(Bloomberg) -- Public support for the Northern Ireland Protocol has more than doubled from a year ago, a new survey showed, as the UK and EU continue a heated dispute over the part of the Brexit treaty dealing with the region.

There has been a “significant shift towards support for the Protocol,” with 33% saying it is “on balance a good thing,” compared to 16% in 2020, authors led by Queen’s University Belfast Professor Katy Hayward wrote in a research report. Underscoring the polarization of opinion, 21% said it was on balance a “bad thing,” up from 18% in 2020 and 33% regarded it as a “mixed bag,” according to the Northern Ireland Life and Times survey.

The survey findings come as the UK threatens to override parts of the Brexit deal amid claims trading arrangements for Northern Ireland aren’t working. The Democratic Unionist Party is refusing to join the region’s devolved government until the Protocol is replaced. A May 5 election saw a nationalist party become the biggest for the first time and was regarded as a success for parties favoring the Protocol.

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Meanwhile the fall-out from Brexit has continued to boost expectations Northern Ireland will unite with the Republic to the south. Of those surveyed, 63% said Brexit has made it more likely in the poll of 1,397 people conducted October to December 2021, up 5 points from 2020.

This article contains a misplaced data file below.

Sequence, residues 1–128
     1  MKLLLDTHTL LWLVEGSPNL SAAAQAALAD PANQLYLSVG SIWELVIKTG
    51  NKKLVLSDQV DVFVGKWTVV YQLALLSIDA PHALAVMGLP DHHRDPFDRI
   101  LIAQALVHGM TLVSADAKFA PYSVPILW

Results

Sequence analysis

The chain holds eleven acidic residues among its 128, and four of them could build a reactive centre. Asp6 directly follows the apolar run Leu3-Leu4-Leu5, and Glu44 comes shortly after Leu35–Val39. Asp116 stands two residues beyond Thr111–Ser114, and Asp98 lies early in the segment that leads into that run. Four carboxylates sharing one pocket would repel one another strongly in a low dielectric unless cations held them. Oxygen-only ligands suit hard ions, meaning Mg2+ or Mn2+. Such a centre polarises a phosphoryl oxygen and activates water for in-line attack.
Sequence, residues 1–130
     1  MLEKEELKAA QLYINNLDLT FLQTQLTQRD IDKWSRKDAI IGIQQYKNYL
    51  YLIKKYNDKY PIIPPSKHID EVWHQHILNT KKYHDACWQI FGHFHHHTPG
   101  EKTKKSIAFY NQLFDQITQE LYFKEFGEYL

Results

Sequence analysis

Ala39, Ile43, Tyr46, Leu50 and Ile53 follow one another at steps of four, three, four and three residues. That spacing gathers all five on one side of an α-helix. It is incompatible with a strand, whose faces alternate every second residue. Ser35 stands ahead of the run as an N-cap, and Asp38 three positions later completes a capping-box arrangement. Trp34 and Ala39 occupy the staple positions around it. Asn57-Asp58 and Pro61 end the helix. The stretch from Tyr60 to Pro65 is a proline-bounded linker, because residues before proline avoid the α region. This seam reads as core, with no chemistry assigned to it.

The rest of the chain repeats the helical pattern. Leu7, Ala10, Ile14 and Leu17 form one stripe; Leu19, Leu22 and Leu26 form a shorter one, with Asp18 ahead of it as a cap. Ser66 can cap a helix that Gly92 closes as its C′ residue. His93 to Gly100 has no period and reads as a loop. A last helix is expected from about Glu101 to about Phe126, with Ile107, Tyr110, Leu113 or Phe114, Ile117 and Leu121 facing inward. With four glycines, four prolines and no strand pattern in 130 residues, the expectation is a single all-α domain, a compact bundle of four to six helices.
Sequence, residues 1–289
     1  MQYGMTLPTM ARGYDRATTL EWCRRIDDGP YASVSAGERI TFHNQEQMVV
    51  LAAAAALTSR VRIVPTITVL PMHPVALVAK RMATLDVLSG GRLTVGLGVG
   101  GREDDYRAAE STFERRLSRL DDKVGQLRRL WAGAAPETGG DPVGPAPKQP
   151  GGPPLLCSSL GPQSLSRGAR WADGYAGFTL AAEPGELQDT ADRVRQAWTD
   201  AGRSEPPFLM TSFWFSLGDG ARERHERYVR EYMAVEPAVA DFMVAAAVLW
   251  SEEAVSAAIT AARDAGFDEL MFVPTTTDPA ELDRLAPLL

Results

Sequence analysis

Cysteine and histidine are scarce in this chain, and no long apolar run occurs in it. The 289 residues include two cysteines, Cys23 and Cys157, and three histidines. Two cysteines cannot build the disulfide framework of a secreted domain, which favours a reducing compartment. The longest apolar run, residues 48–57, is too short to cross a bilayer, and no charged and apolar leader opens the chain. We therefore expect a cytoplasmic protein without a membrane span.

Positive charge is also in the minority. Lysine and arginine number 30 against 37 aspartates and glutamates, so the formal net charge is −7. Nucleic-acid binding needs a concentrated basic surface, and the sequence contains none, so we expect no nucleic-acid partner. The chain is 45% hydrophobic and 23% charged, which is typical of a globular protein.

While almost half support Northern Ireland remaining in the UK long term, there’s been a 6 point drop from 2020 while support for a united Ireland as a long-term policy rose 4 points. About a third said they would vote for a united Ireland tomorrow and 48% would vote against it, though there was a similar shift toward unity from the last survey.

Under the terms of the Good Friday Agreement, only the UK government can call a vote on Irish reunification and then only if it appears likely a majority in Northern Ireland would back it.

Even so, “In the responses to both the questions of long-term policy, and of voting for Irish unification, there is a trend towards closing the gap between the two main constitutional preferences of being part of the UK or of a united Ireland,” Hayward said.


  • Why Northern Ireland Keeps UK and Europe at Odds: QuickTake
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